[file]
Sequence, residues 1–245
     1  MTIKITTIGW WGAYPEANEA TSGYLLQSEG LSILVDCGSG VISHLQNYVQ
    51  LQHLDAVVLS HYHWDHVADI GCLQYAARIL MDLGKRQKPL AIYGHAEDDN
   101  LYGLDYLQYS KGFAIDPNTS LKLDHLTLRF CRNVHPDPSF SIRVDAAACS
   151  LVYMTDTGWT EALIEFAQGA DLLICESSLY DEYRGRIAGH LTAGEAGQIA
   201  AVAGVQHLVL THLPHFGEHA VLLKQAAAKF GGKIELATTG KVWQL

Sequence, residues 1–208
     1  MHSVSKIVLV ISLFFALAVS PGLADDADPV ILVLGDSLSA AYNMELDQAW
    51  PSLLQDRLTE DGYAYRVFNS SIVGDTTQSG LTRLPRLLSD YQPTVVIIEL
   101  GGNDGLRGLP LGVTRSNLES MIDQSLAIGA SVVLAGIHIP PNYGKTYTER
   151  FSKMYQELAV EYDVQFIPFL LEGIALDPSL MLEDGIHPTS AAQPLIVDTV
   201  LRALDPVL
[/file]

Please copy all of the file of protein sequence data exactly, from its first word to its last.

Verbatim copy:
Sequence, residues 1–245
     1  MTIKITTIGW WGAYPEANEA TSGYLLQSEG LSILVDCGSG VISHLQNYVQ
    51  LQHLDAVVLS HYHWDHVADI GCLQYAARIL MDLGKRQKPL AIYGHAEDDN
   101  LYGLDYLQYS KGFAIDPNTS LKLDHLTLRF CRNVHPDPSF SIRVDAAACS
   151  LVYMTDTGWT EALIEFAQGA DLLICESSLY DEYRGRIAGH LTAGEAGQIA
   201  AVAGVQHLVL THLPHFGEHA VLLKQAAAKF GGKIELATTG KVWQL

Sequence, residues 1–208
     1  MHSVSKIVLV ISLFFALAVS PGLADDADPV ILVLGDSLSA AYNMELDQAW
    51  PSLLQDRLTE DGYAYRVFNS SIVGDTTQSG LTRLPRLLSD YQPTVVIIEL
   101  GGNDGLRGLP LGVTRSNLES MIDQSLAIGA SVVLAGIHIP PNYGKTYTER
   151  FSKMYQELAV EYDVQFIPFL LEGIALDPSL MLEDGIHPTS AAQPLIVDTV
   201  LRALDPVL